Food Prowl is a yearlong look at what the city's restaurants have to offer. Each month, food writer Sarah Baker Hansen, and a few guest tasters, will name a new victor in the epic battle of food.
Coming in August: Omaha's best fried chicken
The Food Prowl team ate the eighth burger and argued.
It turns out cheeseburgers can be controversial.
Between bites, we sparred over juiciness, seasoning, buns, toppings, sogginess, meat flavor, grease levels and at what temperature a burger should be cooked.
We thought we knew who was going to win. We didn't.
It was a tie.
Note: Dive bar burgers and casual restaurants only. We'll prowl for high-end burgers down the road.
2368 S. 29th St.
“This may be the perfect burger,” Nick said.
Nick, our resident seasoning expert, said Dinker's passed the test for salt and pepper. The toasted bun impressed us. The patty held together but it wasn't too tightly packed. It was juicy, fatty and greasy, but not too much of any of the three. The flavor of the beef managed to still come through even between condiments. It was subtle but fresh and meaty.
“It's going to be hard to beat this,” Michelle said. We all concurred, and kenw we had a front-runner.
1609 Farnam St.
After one bite, Nick threw his hands in the air and shook his head as he chewed.
“Winner!” he exclaimed. “Winner. It's a complete dish. It blows Dinker's away.”
An vehemently disagreed.
“It's salty. It's too rare,” she said. “The pickles are watery. The bun is off, but that's not a deal breaker.”
It was the first burger we'd had that An didn't love. Her sister agreed: too salty.
The Vu sisters stuck to their guns, and to Dinker's.
The Dinker's burger, in my mind, was simply fantastic, but the Block burger was the finest example of meat I'd seen: oozing with juice, slightly pink in the center, tender and deeply flavorful. I loved the stack of condiments on the burger — it was messy in the best possible way.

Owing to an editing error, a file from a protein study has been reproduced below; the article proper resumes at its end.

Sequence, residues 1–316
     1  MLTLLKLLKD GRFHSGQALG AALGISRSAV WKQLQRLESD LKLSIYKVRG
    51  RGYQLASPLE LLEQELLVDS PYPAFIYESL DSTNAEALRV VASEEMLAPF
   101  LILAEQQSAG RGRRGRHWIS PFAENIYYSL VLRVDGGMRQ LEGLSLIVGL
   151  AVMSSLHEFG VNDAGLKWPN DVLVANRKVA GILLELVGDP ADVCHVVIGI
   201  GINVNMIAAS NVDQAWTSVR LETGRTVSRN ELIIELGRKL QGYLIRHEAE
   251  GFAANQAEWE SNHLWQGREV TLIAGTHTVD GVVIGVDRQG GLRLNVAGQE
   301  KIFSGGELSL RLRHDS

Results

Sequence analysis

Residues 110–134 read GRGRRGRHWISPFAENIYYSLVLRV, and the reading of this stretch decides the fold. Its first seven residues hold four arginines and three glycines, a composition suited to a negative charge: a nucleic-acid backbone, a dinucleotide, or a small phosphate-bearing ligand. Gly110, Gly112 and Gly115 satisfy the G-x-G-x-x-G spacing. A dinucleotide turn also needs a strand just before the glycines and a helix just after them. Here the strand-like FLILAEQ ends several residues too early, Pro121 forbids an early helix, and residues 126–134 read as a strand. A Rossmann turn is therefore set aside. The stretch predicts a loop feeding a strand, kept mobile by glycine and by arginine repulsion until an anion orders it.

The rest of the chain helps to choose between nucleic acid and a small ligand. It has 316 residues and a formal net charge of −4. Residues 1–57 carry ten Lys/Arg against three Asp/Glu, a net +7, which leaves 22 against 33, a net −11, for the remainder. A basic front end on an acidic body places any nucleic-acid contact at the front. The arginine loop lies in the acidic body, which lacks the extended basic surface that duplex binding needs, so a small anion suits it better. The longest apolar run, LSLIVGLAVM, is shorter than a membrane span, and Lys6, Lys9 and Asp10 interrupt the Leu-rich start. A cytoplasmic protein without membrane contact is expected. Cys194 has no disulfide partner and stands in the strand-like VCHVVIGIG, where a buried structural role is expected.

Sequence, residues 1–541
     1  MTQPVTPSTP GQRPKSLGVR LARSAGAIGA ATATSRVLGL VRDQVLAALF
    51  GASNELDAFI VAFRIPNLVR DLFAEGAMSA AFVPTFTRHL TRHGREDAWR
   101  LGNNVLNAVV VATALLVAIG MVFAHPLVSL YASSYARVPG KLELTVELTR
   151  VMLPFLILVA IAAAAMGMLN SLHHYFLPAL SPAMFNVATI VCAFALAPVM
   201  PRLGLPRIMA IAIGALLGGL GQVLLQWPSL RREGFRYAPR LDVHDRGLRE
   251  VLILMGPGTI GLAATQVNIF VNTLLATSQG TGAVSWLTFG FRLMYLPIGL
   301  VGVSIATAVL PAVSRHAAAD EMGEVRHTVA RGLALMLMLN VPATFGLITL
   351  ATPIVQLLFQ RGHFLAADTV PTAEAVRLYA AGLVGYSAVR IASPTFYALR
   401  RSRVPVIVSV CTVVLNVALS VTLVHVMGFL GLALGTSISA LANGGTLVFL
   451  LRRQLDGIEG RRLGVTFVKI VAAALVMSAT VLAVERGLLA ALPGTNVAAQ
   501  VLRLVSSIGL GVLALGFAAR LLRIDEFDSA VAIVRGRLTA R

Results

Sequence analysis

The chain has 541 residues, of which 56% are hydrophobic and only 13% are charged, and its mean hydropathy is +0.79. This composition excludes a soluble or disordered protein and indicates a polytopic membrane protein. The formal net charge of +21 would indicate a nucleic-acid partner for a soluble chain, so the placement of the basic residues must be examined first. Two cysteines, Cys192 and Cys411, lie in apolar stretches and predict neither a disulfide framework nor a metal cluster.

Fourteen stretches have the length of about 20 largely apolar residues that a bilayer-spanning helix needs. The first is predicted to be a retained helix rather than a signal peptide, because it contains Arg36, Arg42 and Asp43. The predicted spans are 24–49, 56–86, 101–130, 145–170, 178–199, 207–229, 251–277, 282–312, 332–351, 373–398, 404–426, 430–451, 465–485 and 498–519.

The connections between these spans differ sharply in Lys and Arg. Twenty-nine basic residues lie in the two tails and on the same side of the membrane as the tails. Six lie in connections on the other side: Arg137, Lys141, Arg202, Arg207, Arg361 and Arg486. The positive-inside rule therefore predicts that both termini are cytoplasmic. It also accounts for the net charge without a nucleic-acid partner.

The burger itself sold me. I love being surprised by something so unexpectedly delicious.
The Other Contenders
Stella's Bar and Grill
106 Galvin Road South, Bellevue
We thought Stella's was going to be the winner.
We all got the same thing: a cheeseburger topped with a fried egg.
Our four burgers didn't come on napkins, as is the Stella's way, and instead arrived in baskets. Immediately, my burger had structural issues: Half the patty fell into the basket after one bite.
And we all decided pretty quickly that there were some other issues, too: The burger vs bun ratio -- an unscientific term we made up concerning the size of the bun versus the size of the burger -- was off. I had a big wad of bun left in my hand after my patty was gone. An and Michelle did, too.
The Vu sisters both liked the texture of the hand-pressed beef patties at Stella's, but they didn't love the slippery base of tomatoes, lettuce and onions that made the burger slide out of the bun and required constant rearranging and gobs of napkins.
Nick, a self-proclaimed “salt man,” said he could have used more seasoning. I could have used both more seasoning and more moisture in my somewhat dry patty.
“It's good, but it's also missing some essential elements,” An said.
After our last bites, we all were a bit shocked: Was the juggernaut going down?
Papa Chris' Chicago Originals
7024 Maple St.
We went to Benson's hole-in-the-wall, dimly-lit bar and ended up with the straight cheeseburger, called the Louie burger. A layer of hot, melted cheese seared the top bun to the patty, and a thin layer of grease fused the bottom bun. The burger vs. bun ratio was spot on, though the patty itself was a touch greasy.
“This is a working man's burger,” Nick said. “Totally divey.”
We had an early contender on our hands.
4005 Twin Creek Drive, Bellevue
Sinful Burger's menu is devoted to burgers that emulate the seven deadly sins.
We went for the restaurant's signature, the Sinful Burger, a juicy lucy-style burger with the cheese packed inside the burger instead of on top.
The center of my burger oozed with melty cheese.
An thought the bun was too bread-like, but we all agreed the texture of the meat was good, and the melty, cheesy center surrounded by the nicely cooked meat seemed like a commendable feat of kitchen engineering. My one complaint: When I got to the second half of my cut-in-half burger, the meat had absorbed most of the melted cheese.
Louie M's Burger Lust
1718 Vinton St.
By this point, we were all suffering from a touch of burger fatigue. But we soldiered on.The patty seemed lacking in salt and pepper, and there wasn't any grease.
“Seasoning is the hardest thing about cooking,” Nick said. “You have to dump salt and pepper on meat. It just has to be there.”
“It's stripped down,” An said. “Almost like an organic burger.”
We liked what we found at Louie M's. But it also couldn't best Dinker's
Phoenix Food and Spirits
12015 Blondo St.
Tiger Tom's Pub
7103 Military Ave.